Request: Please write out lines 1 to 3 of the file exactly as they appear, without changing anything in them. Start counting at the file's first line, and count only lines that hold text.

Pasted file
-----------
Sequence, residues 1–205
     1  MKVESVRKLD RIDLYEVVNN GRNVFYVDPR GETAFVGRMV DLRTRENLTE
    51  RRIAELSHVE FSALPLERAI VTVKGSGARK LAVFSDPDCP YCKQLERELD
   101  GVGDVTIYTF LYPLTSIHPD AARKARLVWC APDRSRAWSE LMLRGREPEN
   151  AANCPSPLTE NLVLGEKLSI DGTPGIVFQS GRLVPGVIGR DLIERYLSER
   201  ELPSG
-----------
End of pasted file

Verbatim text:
Sequence, residues 1–205
     1  MKVESVRKLD RIDLYEVVNN GRNVFYVDPR GETAFVGRMV DLRTRENLTE
    51  RRIAELSHVE FSALPLERAI VTVKGSGARK LAVFSDPDCP YCKQLERELD